Unlike the four shows discussed above in this reissue section, LOCK UP YOUR DAUGHTERS [Bayview RNBW010] was actually a hit. An enormous one, in London (although the Broadway edition closed during the tryout). Laurie Johnson — of The Avengers— wrote the bouncy music, Lionel Bart — soon to burst upon the international stage with Oliver! — wrote the lusty lyrics. The album has four delicious songs in a row, which makes me mighty glad that Bayview — a small, new label in Miami Beach — somehow managed to get the rights to transfer this score to CD.
The one recommended reissue that has previously been released on CD is the original Broadway cast album Mitch Leigh's MAN OF LA MANCHA [Decca Broadway 012 159 387]. Richard Kiley and Joan Diener gave electric performances that for various reasons I don't suppose will ever be bettered. The new, 24—bit mastering makes a marked improvement over the earlier CD release, making La Mancha worth another listen.
NEW RECORDINGS OF OLD MUSICALS
Stephen Sondheim's THE FROGS [Nonesuch 79638] has long been overlooked, even by his strongest champions. Burt Shevelove's 1974 adaptation of an obscure play by Aristophanes was staged in the swimming pool at Yale; one week, and that was it. While a couple of the songs have resurfaced elsewhere, the specificity of the material — and the large scale of the choral numbers — ruled against further performance. A 2000 concert version demonstrated just how good this score is, and the recording is indispensable for Sondheim enthusiasts. The Frogs has been supplemented by four songs the composer wrote for the 1967 TV musical EVENING PRIMROSE, filling in another gap in the public Sondheim.
TIP—TOES [New World 80598], the sixth in a series of restored Gershwin musicals, is highly welcome. George and Ira wrote a handful of wonderful songs, which sound effortlessly simple and are delightfully performed. Tip—Toes is quintessential Twenties Gershwin, and who — I ask you — could ask for anything more? The 2CD set also includes TELL ME MORE, a lesser Gershwin opus which nevertheless contains a few happy surprises.
BREAKFAST AT TIFFANY'S [Original Cast OC—2100] is infamous among Broadway fans as one of the biggest flops ever, shuttering after four previews at the Majestic. Despite an enormous advance sale and the presence of TV stars Mary Tyler Moore and Richard Chamberlain, producer David Merrick pulled the plug. ("Rather than subject the drama critics and the theatre-going public to an excruciatingly boring evening, I have decided to close the show.") Tiffany's was torn asunder during the tryout, when Edward Albee came in to rewrite Abe Burrows; the two versions were pieced together for this new 2—CD set. The show was a mess, but Bob Merrill's score has its moments and — thanks to orchestrator Ralph Burns — sounds wonderful, with Faith Prince as Holly Golightly.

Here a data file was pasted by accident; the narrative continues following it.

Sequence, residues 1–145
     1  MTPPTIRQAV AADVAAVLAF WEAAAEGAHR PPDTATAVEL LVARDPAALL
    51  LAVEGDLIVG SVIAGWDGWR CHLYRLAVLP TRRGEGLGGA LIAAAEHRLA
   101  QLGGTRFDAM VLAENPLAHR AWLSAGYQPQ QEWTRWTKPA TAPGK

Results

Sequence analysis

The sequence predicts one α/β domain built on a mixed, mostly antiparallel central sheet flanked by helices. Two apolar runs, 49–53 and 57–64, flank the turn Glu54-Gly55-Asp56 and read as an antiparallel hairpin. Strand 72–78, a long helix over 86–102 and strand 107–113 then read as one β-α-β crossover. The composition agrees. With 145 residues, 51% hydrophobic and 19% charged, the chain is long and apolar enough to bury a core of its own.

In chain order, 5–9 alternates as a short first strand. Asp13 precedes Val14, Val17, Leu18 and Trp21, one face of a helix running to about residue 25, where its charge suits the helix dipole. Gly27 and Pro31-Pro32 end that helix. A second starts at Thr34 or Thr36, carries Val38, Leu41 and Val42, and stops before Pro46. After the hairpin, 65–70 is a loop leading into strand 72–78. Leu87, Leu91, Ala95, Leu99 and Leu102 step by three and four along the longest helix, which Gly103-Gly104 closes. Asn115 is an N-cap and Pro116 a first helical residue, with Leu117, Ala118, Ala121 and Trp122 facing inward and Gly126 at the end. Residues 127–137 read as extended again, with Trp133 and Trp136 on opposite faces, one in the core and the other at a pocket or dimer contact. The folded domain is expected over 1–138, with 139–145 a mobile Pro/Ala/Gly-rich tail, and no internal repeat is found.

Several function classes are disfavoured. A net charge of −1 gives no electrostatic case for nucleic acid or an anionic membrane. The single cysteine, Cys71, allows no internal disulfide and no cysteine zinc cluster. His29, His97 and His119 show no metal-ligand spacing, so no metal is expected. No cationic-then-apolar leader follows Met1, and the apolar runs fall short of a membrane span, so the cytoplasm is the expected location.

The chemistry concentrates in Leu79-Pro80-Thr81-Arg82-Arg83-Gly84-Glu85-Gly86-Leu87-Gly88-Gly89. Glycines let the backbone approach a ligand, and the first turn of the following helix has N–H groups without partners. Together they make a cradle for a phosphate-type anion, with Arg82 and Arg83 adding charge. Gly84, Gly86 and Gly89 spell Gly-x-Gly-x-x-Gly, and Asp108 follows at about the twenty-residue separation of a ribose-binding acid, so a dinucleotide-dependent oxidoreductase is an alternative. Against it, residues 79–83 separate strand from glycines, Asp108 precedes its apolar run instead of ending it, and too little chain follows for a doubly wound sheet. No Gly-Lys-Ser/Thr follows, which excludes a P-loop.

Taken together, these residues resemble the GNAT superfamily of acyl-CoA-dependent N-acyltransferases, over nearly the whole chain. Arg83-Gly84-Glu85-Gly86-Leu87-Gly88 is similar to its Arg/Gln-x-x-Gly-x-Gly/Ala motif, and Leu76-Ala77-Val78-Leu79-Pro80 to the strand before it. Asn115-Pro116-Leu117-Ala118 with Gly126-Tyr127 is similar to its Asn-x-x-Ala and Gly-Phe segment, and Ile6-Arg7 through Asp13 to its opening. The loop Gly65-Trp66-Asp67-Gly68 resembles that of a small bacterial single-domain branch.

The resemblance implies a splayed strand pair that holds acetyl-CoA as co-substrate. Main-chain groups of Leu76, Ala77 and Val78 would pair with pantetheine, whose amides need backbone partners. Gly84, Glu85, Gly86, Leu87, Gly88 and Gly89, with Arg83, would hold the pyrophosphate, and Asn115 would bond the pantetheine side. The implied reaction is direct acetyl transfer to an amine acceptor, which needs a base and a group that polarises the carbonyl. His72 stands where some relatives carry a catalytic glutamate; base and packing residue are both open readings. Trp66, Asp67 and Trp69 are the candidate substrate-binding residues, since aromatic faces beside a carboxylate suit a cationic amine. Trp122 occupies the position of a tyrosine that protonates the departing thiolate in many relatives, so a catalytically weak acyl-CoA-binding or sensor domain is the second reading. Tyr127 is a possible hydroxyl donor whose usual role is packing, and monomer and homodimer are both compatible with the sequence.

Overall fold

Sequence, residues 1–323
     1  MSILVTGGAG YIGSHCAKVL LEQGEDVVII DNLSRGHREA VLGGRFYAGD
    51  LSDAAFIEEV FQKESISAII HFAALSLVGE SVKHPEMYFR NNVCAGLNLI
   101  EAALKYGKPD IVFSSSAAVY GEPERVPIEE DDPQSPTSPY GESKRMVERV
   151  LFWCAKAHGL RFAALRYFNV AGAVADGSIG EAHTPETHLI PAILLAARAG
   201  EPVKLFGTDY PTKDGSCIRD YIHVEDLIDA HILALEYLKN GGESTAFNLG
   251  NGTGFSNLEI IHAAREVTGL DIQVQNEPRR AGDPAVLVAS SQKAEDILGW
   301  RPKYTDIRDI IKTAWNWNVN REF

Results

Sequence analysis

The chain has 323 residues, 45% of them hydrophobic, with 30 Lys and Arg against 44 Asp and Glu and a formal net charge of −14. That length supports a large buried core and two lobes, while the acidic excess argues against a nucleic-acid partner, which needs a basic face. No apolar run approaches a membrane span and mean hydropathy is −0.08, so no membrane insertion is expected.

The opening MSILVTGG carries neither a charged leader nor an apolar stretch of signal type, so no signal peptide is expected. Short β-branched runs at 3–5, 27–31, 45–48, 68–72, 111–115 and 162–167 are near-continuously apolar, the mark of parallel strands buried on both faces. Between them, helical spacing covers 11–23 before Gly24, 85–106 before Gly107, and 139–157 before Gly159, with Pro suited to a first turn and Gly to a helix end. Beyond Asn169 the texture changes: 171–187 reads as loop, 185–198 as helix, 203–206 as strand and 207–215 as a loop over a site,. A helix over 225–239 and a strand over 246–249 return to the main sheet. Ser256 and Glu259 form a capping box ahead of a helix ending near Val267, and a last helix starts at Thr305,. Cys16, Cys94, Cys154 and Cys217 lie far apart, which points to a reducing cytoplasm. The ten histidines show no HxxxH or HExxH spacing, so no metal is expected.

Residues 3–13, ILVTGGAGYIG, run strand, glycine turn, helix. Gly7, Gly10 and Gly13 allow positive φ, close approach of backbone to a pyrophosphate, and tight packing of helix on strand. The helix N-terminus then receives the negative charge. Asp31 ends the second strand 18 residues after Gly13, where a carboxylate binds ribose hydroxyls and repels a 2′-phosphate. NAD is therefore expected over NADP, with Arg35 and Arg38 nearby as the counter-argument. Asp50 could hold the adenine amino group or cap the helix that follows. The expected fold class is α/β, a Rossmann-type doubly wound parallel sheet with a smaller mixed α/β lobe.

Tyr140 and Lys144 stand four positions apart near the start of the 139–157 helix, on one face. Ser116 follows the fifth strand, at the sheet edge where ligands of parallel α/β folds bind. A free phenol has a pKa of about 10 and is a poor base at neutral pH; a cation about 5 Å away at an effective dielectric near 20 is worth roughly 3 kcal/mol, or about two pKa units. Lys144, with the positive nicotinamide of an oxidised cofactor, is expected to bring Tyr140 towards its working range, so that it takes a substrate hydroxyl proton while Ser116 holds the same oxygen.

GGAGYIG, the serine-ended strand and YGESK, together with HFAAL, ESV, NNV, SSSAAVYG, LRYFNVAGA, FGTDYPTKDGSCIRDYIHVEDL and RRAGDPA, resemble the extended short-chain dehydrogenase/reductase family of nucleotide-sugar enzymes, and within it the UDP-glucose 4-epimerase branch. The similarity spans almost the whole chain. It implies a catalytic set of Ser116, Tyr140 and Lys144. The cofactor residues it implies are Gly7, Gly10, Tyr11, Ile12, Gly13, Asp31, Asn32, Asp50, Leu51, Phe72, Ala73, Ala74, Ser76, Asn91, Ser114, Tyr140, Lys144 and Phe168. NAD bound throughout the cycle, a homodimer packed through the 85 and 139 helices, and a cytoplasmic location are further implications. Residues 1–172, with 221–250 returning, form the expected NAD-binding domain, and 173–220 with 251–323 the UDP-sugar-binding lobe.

BILLION DOLLAR BABY [Original Cast OC—4304] was the 1945 followup to On the Town, with Comden and Green and Abbott and Robbins repeating their assignments. (Bernstein was unavailable, so composer Morton Gould wrote the music.) This was one of those innovative musicals that just missed the hit column; the score, unfortunately, disappeared. This was rectified by BT McNicholl's 1999 restoration as produced by the York Theatre Company. This is one interesting show, that's for sure — even with only a four—man band. Kristen Chenoweth, Debbie Gravitte, and Marc Kudisch lead an energetic company.
ps classics, a new independent label, gave us a restored version of Vincent Youmans's THROUGH THE YEARS [ps classics ps103]. This musical drama was a quick failure in 1932; it turns out to have a highly intriguing score, led by the brilliant title song (well sung by Heidi Grant Murphy). The label also brought us WINDFLOWERS: The Songs of Jerome Moross [ps classics 102], not a full recording of an old musical but a compilation of songs mostly from Ballet Ballads and the unproduced Underworld. These two CDs are not for everyone, but they are highly recommended to those with an interest in the more esoteric side of musical theatre. I have not yet reviewed the just—released ZIEGFELD FOLLIES OF 1936 [Decca Broadway 440 016—056], which I'll discuss in my next column. But don't let that stop you from getting this Encores! recording of the Vernon Duke — Ira Gershwin score. Ruthie Henshall's rendition of "Words without Music" alone is reason enough to choose this disc.
AND LET'S NOT FORGET:
The immensely talented William Finn took a group of top—notch musical theatre types to Joe's Pub last winter. Highlights were recorded under the title INFINITE JOY: The Songs of William Finn [RCAVictor 09026 63766] and they make a fascinating collection. Nobody writes like Finn, and the CD shows the many facets of his work. The songs are at once hilarious, raucous, poignant, and heartbreaking. Finn is joined by Liz Callaway, Carolee Carmello, Lewis Cleale, Stephen DeRosa, Norm Lewis, and Mary Testa; but it is the composer's own gruff—but—lovable song delivery that makes this disc a favorite.
— Steven Suskin, author of "Broadway Yearbook 1999—2000" and "Show Tunes" (both from Oxford University Press), and the "Opening Night on Broadway" books. Prior ON THE RECORD columns can be accessed in the Features section along the left—hand side of the screen.